There was personality: Scott would agree that he wasn’t always the easiest person to work with, but he was always himself. Our homogenous world has watered down the ‘characters’ among us, but Scott wasn’t really bothered by social norms. He was true to what he believed, to the people he loved, and to his passions in life. He was true to himself.

Nyle’s salute to Scott at the service was perfect: “To you and those like you. Damn few left.”  May we all try to take the best of ‘Stump’ with us into our coming days.


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Low price won’t turn clay & powder into tile artistry

“Without the tile installer, the tile and installation materials are nothing more than boxes of baked clay and bags of powder; the installer has everything to do with how the tiled floors and walls will look and how well they will hold up over time. Yet, there is very little – in most cases, nothing – to ensure that tiles will be laid straight, even and flat, or that they will not come unbonded or have other installation-related issues. Often, and especially on commercial projects, the first and sometimes only, consideration is the tile contractor’s price, and the lowest bidder is awarded the job,” says Stephanie Samulski, Project Manager at The Tile Council of North America.

“When it comes to hand-crafted work, there is, by necessity, more to the selection process than checking the price tag,” Samulski continued in a recent TILE magazine article. “When a brand new hospital or casino has to repair leaking shower units or cracked tiles, wing-by-wing or floor-by-floor, by rotating areas closed off for business, it’s not a stretch to say that the general contractor’s, architect’s, and building owner’s reputations and profit margins are literally in the tile installer’s hands.”

We couldn’t agree more, Stephanie!! As a former installer and current industry leader, Stephanie helps champion qualified contractors at all levels. She has been involved in the development of Qualified Labor language added to Master Spec and available for architects and specifiers to use in their projects. And she has participated in the curriculum development for the Ceramic Tile Education Foundation’s (CTEF) certification programs.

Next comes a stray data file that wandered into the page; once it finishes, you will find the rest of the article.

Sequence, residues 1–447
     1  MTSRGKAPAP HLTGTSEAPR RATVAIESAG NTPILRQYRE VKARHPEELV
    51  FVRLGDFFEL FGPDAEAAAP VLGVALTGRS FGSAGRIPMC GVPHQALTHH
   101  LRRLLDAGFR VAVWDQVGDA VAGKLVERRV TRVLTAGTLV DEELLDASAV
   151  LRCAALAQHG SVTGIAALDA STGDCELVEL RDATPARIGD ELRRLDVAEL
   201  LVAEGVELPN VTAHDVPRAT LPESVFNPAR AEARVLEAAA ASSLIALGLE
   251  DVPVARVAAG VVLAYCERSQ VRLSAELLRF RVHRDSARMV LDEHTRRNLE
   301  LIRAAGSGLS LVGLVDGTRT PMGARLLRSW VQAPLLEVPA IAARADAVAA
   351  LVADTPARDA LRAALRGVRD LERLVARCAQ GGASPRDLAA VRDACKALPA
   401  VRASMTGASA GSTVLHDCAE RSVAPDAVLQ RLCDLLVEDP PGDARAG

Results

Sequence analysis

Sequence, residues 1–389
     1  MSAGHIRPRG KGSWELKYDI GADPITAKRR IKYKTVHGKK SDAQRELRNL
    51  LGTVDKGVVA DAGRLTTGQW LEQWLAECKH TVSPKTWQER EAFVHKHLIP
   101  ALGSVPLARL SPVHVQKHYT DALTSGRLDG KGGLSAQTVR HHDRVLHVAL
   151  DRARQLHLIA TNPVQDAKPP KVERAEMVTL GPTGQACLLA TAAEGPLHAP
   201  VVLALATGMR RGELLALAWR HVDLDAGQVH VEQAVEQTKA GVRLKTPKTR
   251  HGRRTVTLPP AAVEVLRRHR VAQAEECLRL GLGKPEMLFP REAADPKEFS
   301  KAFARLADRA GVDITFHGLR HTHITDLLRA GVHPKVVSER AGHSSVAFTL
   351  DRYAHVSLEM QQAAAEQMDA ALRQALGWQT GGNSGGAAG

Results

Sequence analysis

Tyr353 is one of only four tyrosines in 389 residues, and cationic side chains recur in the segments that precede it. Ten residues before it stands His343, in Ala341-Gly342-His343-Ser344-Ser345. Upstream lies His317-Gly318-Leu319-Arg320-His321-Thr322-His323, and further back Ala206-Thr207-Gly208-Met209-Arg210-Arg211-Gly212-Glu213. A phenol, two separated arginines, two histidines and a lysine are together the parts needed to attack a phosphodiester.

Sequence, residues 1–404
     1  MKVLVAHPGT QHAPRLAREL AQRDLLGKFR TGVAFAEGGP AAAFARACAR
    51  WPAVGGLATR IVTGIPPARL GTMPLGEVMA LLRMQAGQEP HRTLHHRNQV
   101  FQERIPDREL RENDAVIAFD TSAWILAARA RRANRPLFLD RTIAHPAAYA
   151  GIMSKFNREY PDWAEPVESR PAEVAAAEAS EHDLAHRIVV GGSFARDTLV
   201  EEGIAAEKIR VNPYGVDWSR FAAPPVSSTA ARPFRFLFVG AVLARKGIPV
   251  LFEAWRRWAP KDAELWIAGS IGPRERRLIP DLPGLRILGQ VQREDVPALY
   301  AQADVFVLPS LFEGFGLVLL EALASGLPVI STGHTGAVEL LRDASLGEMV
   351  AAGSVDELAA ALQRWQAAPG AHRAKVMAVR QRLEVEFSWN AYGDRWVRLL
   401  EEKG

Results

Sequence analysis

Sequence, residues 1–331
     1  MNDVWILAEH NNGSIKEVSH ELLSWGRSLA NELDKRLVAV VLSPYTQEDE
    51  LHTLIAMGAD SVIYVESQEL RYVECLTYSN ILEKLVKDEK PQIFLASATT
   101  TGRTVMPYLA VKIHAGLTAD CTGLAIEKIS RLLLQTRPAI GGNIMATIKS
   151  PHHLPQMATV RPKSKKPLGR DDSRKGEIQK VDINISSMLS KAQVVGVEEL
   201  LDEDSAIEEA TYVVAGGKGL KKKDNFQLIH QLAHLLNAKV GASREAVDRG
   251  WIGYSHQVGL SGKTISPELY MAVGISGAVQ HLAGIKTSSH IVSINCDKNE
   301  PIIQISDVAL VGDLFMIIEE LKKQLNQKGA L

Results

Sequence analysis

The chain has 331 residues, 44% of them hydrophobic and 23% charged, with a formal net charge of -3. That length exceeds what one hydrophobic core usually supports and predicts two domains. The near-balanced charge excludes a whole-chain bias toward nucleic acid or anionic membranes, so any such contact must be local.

With those designations available from CTEF and the National Tile Contractors Associations Five-Star Contractor program, you can choose a tile installer, like Neuse Tile, that is fully capable of turning boxes of baked clay and bags of powder into long-lasting, useable art.


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Tile installation by the book(s)

It takes more than a tool bucket to be a successful tile contractor; you’ve got to use the right reference books as well!

Many contractors, architects, designers, specifiers and industry partners are familiar with the Tile Council of North America Handbook for Ceramic, Glass, and Stone Tile Installation (TCNA Handbook) and the American National Standard Specifications for Installation of Ceramic Tile (ANSI Book).

The TCNA Handbook is “a guide to assist in clarifying and standardizing installation specifications for tile,” while the ANSI book is a compilation of voluntary standards that “define the installation of ceramic tile as well as the test methods and physical properties for ceramic tile installation materials.” Each is representative of the consensus efforts of national as well as regional organizations and individuals who volunteer their time to serve on each committee. Both of these publications are widely used throughout the industry.

Less widely used, but equally relevant is the National Tile Contractors Association’s Reference Manual. While the NTCA Reference Manual also focuses on tile installation and its many facets, it’s written for the benefit of professional tile installation contracting firms and individuals who are committed to installation excellence and the best interest of the industry.

Its purpose is “to identify recurring challenges to successful installations of tile and stone, recognize potential problems, and to gain consensus from industry experts on offering solutions.”  In this respect, the Reference Manual is different from both the TCNA Handbook and the ANSI Book,  because it takes things several steps further and details information for issues before, during and after the installations are performed.

This publication is valuable “feet on the ground” information about tile installation. It’s produced by the National Tile Contractors Association Technical Committee (comprised of highly skilled and experienced members providing perspectives and expertise from all segments of the tile industry).